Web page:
NC State
BioResources
Žlahtič, M., and Humar, M. (2016). "Influence of artificial and natural weathering on the hydrophobicity and surface properties of wood," BioRes. 11(2), 4964-4989.

Abstract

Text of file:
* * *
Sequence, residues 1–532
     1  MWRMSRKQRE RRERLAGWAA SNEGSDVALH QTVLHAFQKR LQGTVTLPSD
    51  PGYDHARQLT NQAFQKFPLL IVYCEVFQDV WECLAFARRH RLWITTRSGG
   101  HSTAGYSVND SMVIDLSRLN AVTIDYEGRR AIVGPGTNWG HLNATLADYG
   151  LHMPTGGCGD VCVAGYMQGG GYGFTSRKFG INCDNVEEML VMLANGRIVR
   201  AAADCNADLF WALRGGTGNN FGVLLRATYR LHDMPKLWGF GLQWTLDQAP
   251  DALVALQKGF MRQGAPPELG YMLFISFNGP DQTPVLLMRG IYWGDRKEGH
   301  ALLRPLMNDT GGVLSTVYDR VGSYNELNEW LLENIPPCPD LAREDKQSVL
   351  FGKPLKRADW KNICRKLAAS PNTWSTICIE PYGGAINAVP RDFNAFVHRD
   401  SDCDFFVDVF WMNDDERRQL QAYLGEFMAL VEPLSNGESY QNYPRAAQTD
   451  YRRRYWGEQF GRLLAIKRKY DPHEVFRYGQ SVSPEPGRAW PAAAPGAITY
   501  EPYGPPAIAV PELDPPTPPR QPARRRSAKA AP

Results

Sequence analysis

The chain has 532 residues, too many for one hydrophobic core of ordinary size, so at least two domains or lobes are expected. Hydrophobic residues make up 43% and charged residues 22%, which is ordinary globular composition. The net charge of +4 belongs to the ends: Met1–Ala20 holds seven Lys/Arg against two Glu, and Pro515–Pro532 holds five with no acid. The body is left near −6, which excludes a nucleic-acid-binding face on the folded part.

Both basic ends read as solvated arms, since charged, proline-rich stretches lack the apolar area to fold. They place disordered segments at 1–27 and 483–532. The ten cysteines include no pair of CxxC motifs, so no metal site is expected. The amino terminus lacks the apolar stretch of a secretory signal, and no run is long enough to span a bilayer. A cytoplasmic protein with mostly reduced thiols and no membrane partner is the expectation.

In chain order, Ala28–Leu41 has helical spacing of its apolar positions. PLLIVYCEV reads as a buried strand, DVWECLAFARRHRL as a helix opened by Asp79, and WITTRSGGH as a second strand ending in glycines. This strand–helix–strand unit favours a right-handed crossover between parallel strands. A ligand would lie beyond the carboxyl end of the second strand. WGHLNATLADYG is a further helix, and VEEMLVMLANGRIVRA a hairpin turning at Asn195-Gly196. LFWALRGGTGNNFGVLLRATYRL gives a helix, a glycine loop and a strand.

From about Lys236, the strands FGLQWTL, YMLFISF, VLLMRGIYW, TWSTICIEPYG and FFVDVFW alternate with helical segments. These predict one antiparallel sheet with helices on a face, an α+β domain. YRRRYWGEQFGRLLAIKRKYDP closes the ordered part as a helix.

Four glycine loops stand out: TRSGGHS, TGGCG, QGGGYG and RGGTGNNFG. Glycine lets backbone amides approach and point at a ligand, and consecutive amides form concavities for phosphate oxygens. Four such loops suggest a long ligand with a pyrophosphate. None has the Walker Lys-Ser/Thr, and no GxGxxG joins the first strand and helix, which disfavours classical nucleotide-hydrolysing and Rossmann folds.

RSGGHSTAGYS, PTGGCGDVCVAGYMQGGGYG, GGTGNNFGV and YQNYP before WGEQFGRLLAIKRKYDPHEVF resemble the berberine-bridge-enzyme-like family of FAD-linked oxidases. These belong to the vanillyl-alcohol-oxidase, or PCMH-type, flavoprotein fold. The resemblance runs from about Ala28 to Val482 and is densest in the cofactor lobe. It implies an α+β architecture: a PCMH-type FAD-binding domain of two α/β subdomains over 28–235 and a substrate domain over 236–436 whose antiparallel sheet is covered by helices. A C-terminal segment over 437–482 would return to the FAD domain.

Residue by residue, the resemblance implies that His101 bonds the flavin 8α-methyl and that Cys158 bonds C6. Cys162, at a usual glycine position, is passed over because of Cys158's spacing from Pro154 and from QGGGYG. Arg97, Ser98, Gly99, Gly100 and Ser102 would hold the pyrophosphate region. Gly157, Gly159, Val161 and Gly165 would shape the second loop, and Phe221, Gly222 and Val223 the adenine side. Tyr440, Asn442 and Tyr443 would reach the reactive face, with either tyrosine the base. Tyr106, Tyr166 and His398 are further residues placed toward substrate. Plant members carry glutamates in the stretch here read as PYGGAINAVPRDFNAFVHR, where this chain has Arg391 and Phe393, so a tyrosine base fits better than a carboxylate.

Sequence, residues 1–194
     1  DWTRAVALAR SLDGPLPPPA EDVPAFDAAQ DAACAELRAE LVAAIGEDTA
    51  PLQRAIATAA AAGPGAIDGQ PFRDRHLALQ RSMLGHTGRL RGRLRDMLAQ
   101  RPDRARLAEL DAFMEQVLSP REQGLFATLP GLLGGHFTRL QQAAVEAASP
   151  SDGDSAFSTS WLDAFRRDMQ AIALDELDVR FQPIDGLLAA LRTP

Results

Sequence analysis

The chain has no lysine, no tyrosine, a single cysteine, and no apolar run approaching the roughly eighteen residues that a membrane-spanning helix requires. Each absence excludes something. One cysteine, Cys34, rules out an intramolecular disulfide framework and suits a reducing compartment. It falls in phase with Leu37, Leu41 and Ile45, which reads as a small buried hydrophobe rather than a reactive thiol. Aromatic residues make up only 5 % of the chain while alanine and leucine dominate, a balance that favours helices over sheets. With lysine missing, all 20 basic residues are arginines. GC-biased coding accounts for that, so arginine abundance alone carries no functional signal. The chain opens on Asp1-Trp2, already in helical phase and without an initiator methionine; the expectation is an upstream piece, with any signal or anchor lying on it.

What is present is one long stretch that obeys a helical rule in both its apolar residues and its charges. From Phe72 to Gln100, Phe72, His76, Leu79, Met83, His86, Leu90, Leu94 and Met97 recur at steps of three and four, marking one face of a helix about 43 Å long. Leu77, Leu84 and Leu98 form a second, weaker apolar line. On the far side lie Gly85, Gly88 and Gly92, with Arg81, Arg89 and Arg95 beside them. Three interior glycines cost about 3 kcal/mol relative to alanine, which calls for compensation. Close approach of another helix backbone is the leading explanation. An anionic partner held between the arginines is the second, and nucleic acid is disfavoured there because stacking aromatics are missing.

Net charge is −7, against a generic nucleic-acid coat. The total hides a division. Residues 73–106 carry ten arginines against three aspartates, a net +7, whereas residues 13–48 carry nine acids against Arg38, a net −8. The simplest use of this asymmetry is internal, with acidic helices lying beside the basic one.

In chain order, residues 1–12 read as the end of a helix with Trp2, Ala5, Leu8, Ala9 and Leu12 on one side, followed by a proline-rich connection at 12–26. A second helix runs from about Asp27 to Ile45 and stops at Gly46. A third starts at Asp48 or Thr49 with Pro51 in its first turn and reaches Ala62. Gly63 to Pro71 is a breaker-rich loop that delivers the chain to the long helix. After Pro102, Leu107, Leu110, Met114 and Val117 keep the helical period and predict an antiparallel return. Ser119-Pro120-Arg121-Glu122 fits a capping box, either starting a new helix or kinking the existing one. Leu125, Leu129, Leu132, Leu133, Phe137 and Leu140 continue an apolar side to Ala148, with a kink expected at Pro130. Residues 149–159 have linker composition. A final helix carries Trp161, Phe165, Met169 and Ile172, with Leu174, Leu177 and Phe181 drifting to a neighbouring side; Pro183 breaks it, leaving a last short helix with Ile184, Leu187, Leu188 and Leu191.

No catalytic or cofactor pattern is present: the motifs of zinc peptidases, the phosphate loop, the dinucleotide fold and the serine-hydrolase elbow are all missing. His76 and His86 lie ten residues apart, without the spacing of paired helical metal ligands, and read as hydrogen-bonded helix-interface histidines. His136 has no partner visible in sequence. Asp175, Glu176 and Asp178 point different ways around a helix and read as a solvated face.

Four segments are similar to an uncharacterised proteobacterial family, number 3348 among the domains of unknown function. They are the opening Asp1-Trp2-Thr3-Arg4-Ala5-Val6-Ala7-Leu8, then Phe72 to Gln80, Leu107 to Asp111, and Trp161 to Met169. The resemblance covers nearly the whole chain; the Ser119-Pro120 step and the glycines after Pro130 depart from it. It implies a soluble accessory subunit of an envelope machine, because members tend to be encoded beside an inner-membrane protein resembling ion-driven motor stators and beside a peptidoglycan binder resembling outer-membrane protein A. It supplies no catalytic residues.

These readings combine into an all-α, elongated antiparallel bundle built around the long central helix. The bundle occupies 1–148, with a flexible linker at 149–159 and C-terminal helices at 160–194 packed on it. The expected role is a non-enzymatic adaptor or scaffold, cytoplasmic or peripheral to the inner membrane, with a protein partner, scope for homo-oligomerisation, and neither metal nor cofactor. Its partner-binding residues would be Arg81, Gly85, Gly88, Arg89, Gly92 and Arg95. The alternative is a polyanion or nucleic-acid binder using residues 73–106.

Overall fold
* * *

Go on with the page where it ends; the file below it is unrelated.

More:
The use of wood in outdoor, above-ground applications is increasing in Europe. To further increase wood usage, more information related to service life and maintenance costs must be provided. Water exclusion efficacy (WEE) is one of the most important factors influencing service life and strongly correlates to wood moisture dynamics, surface properties, and hydrophobicity (WEE as a whole). WEE can be improved with modifications and hydrophobic treatments. The aim of this study was to elucidate which wood surface properties affect WEE and to note changes over time caused by artificial or natural aging. Wood samples of oak (Quercus), sweet chestnut (Castanea sativa), European larch (Larix decidua), Scots pine heartwood and sapwood (Pinus sylvestris), Norway spruce (Picea abies), and beech (Fagus sylvatica) were used to investigate this phenomenon. The moisture performance of the wood samples was improved with thermal modification, wax, oil, and biocide treatment. In total, 17 materials were prepared. After treatment, four different aging procedures were applied. Before and after aging, Fourier transform infrared spectra, colour, and contact angle were determined. The analysis of untreated wood based materials indicated that durability and hydrophobicity are related. Of all the treatments, wax performed the best and retained high hydrophobicity even after the most severe aging method (outdoor exposure).
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